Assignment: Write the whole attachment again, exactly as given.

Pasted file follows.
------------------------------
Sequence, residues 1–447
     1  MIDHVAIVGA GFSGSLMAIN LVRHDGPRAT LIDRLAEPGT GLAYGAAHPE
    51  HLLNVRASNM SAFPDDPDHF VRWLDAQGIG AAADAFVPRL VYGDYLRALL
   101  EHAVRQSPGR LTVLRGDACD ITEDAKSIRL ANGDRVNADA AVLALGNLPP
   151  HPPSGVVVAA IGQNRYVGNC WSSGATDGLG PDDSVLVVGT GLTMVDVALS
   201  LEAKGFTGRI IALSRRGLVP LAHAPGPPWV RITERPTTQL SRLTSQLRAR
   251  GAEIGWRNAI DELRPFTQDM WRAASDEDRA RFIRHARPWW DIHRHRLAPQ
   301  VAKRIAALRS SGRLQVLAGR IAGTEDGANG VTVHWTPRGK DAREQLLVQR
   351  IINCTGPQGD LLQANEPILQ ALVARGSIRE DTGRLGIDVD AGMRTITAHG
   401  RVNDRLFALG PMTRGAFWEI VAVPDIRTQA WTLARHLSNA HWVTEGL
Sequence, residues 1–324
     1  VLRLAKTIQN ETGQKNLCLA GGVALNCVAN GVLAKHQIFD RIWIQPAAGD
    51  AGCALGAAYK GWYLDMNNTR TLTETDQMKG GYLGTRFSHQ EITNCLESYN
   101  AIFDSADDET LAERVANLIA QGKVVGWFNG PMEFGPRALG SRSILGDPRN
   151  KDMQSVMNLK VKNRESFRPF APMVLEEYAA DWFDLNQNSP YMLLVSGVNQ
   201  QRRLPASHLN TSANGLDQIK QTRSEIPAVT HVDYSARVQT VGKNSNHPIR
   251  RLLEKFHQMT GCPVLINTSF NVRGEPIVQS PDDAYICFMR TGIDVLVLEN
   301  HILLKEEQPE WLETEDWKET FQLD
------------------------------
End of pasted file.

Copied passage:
Sequence, residues 1–447
     1  MIDHVAIVGA GFSGSLMAIN LVRHDGPRAT LIDRLAEPGT GLAYGAAHPE
    51  HLLNVRASNM SAFPDDPDHF VRWLDAQGIG AAADAFVPRL VYGDYLRALL
   101  EHAVRQSPGR LTVLRGDACD ITEDAKSIRL ANGDRVNADA AVLALGNLPP
   151  HPPSGVVVAA IGQNRYVGNC WSSGATDGLG PDDSVLVVGT GLTMVDVALS
   201  LEAKGFTGRI IALSRRGLVP LAHAPGPPWV RITERPTTQL SRLTSQLRAR
   251  GAEIGWRNAI DELRPFTQDM WRAASDEDRA RFIRHARPWW DIHRHRLAPQ
   301  VAKRIAALRS SGRLQVLAGR IAGTEDGANG VTVHWTPRGK DAREQLLVQR
   351  IINCTGPQGD LLQANEPILQ ALVARGSIRE DTGRLGIDVD AGMRTITAHG
   401  RVNDRLFALG PMTRGAFWEI VAVPDIRTQA WTLARHLSNA HWVTEGL
Sequence, residues 1–324
     1  VLRLAKTIQN ETGQKNLCLA GGVALNCVAN GVLAKHQIFD RIWIQPAAGD
    51  AGCALGAAYK GWYLDMNNTR TLTETDQMKG GYLGTRFSHQ EITNCLESYN
   101  AIFDSADDET LAERVANLIA QGKVVGWFNG PMEFGPRALG SRSILGDPRN
   151  KDMQSVMNLK VKNRESFRPF APMVLEEYAA DWFDLNQNSP YMLLVSGVNQ
   201  QRRLPASHLN TSANGLDQIK QTRSEIPAVT HVDYSARVQT VGKNSNHPIR
   251  RLLEKFHQMT GCPVLINTSF NVRGEPIVQS PDDAYICFMR TGIDVLVLEN
   301  HILLKEEQPE WLETEDWKET FQLD